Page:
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The next project on the priority list - a painted harpsichord from 1608 - is presented in video presentation XX: "Adventure Research - Insight into current Work". It also appears in video contribution IV: "From the cantastoria to the soundfilm". According to the author, the pictorial invention goes back to Queen Christine of Sweden, who had a harpsichord that had been stolen in Prague painted over. Video XVIII "From the Garden of Eden to Arcadia" supports this assumption. As a result, a painting could be expected in the lower layer of paint that could still be viewed up to 1650 and was intended for the imperial court or its immediate surroundings.
The possibility of assignment to specific clients is extremely rare and in the present case it is already clear what value art scientific research has in organology. Not only that the opera libretto on which the pictorial invention is based could be found - the conscious choice of scene and the deviations from the original text reveal the identity and preferences of the client.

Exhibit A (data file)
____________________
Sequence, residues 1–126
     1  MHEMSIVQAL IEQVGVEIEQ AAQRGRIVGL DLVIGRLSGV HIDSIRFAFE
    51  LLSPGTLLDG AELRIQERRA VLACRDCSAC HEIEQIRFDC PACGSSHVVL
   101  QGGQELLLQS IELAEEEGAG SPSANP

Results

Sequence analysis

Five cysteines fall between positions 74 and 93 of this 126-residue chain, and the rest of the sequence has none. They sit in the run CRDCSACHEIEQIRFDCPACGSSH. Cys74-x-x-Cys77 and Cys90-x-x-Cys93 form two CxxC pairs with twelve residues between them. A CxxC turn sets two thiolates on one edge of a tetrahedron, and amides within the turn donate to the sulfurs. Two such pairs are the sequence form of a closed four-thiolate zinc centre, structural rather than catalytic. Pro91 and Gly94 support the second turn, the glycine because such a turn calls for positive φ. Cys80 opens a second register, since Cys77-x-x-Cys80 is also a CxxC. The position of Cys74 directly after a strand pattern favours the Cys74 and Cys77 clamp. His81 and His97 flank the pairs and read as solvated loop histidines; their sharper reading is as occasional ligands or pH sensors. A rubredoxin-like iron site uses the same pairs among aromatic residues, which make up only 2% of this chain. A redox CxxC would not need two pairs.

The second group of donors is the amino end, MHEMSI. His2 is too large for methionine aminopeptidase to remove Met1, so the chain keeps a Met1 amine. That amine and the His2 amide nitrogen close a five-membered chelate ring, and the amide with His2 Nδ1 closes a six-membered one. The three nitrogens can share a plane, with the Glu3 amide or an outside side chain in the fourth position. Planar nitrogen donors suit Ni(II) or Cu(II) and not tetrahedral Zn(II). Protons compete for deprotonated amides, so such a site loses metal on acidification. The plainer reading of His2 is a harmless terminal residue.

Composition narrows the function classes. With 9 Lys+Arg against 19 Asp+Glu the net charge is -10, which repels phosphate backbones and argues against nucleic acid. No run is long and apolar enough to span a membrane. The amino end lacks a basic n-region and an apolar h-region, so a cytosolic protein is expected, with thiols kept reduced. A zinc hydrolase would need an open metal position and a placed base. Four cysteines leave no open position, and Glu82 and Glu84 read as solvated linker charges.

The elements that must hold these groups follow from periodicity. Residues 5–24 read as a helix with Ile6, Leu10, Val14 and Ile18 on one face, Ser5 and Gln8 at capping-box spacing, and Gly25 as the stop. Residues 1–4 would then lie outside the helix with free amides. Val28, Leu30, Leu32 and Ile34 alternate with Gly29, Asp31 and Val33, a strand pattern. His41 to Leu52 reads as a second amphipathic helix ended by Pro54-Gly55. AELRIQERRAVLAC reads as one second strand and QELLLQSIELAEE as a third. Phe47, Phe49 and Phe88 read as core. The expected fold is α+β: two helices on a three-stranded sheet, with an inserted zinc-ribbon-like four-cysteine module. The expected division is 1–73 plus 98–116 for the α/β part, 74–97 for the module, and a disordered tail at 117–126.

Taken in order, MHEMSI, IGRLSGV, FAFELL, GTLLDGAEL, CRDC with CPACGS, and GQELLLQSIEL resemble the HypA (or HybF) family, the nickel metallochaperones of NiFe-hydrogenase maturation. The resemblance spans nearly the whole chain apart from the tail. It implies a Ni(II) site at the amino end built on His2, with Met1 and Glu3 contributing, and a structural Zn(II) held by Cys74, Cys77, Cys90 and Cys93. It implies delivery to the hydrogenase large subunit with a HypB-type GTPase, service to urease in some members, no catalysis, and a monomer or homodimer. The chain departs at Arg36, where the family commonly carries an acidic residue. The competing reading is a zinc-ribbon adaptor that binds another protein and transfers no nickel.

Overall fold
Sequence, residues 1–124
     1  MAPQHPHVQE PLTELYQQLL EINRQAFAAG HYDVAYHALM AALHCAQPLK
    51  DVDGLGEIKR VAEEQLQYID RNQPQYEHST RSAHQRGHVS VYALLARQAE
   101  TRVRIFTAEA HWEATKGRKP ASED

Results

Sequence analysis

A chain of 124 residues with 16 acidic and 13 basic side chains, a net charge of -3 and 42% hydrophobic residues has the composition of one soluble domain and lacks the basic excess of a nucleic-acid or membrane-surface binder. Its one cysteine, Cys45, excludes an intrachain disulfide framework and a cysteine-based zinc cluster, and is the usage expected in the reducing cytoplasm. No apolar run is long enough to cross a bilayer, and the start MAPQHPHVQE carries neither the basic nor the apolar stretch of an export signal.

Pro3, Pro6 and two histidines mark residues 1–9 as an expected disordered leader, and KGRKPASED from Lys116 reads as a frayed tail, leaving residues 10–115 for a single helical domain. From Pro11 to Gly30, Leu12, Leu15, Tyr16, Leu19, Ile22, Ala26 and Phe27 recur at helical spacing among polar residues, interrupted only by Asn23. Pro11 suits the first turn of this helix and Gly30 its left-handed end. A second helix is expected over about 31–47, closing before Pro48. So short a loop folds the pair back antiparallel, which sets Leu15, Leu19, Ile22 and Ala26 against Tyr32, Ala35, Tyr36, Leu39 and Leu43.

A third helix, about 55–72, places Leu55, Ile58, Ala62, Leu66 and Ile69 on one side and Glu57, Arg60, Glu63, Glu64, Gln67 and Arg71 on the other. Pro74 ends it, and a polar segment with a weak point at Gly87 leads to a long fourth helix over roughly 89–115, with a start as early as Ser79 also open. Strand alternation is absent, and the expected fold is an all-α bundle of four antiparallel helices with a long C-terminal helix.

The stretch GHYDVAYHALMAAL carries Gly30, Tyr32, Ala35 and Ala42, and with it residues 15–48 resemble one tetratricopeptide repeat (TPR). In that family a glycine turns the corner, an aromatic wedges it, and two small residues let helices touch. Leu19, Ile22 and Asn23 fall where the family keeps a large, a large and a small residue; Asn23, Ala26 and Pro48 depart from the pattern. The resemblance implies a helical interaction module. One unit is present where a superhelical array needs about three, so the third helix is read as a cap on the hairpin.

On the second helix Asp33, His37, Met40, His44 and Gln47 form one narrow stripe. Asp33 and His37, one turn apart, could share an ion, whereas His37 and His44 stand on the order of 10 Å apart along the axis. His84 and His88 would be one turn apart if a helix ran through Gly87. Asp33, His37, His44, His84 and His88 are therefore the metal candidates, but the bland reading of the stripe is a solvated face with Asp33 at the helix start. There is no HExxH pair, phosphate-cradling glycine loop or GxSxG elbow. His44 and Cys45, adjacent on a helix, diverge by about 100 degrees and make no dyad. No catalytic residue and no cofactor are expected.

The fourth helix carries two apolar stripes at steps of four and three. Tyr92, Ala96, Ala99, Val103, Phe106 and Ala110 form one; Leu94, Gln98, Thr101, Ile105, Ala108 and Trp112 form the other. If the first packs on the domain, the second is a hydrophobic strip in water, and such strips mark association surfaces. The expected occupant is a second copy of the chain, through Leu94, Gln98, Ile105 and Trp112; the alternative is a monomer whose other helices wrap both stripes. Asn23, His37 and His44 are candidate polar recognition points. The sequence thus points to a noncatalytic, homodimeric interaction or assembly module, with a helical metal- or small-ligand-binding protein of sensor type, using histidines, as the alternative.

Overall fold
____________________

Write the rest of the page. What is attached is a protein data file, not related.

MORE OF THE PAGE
With an X-ray, the source situation will expand again and there will be a new task in identifying the painter of the lower layer of paint, which can be achieved with the help of preliminary drawings or comparative paintings, even if the condition is fragmentary - especially because there were no insignificant artists active for the imperial court. The motive as such will allow own statements.
After the front panel was also painted over, the discovery of a coat of arms would not be surprising. If the working hypothesis presented can be verified by an X-ray examination, the history of the instrument, which Andreas Ruckers made in Antwerp, could be reconstructed almost completely - from there it started an adventure worthy of a film, if only because it survived the 30-year war unscathed - and by the way would result in high probability that Allessandro Scarlatti played on it in the Villa Riario in Rome in the presence of the Queen.
The more recent history of the instrument - including conversion to a fortepiano and reconstruction to a harpsichord - and the fact that it survived the two world wars in Brownsea Island is well known. It is now in the Russell Collection in Edinburgh.
My special thanks go to the curators, John Barnes and Grant O'Brien for the opportunity to undertake an in-depth analysis of the painting as part of a traineeship.